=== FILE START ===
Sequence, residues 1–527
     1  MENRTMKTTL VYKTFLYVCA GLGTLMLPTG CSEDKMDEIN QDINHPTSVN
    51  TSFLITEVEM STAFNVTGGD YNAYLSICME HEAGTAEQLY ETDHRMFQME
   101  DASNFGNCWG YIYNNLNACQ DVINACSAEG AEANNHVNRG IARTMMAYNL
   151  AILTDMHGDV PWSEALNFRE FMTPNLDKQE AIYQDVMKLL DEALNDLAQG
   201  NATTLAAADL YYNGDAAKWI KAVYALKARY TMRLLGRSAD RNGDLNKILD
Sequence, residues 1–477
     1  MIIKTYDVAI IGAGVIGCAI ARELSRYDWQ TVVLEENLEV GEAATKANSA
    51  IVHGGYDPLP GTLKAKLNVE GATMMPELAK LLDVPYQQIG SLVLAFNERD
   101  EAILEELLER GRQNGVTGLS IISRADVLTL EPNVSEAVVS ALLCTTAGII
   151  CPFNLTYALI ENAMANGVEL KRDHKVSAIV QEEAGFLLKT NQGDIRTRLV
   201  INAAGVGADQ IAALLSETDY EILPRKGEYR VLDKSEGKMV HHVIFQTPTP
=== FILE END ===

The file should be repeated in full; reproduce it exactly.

Sequence, residues 1–527
     1  MENRTMKTTL VYKTFLYVCA GLGTLMLPTG CSEDKMDEIN QDINHPTSVN
    51  TSFLITEVEM STAFNVTGGD YNAYLSICME HEAGTAEQLY ETDHRMFQME
   101  DASNFGNCWG YIYNNLNACQ DVINACSAEG AEANNHVNRG IARTMMAYNL
   151  AILTDMHGDV PWSEALNFRE FMTPNLDKQE AIYQDVMKLL DEALNDLAQG
   201  NATTLAAADL YYNGDAAKWI KAVYALKARY TMRLLGRSAD RNGDLNKILD
Sequence, residues 1–477
     1  MIIKTYDVAI IGAGVIGCAI ARELSRYDWQ TVVLEENLEV GEAATKANSA
    51  IVHGGYDPLP GTLKAKLNVE GATMMPELAK LLDVPYQQIG SLVLAFNERD
   101  EAILEELLER GRQNGVTGLS IISRADVLTL EPNVSEAVVS ALLCTTAGII
   151  CPFNLTYALI ENAMANGVEL KRDHKVSAIV QEEAGFLLKT NQGDIRTRLV
   201  INAAGVGADQ IAALLSETDY EILPRKGEYR VLDKSEGKMV HHVIFQTPTP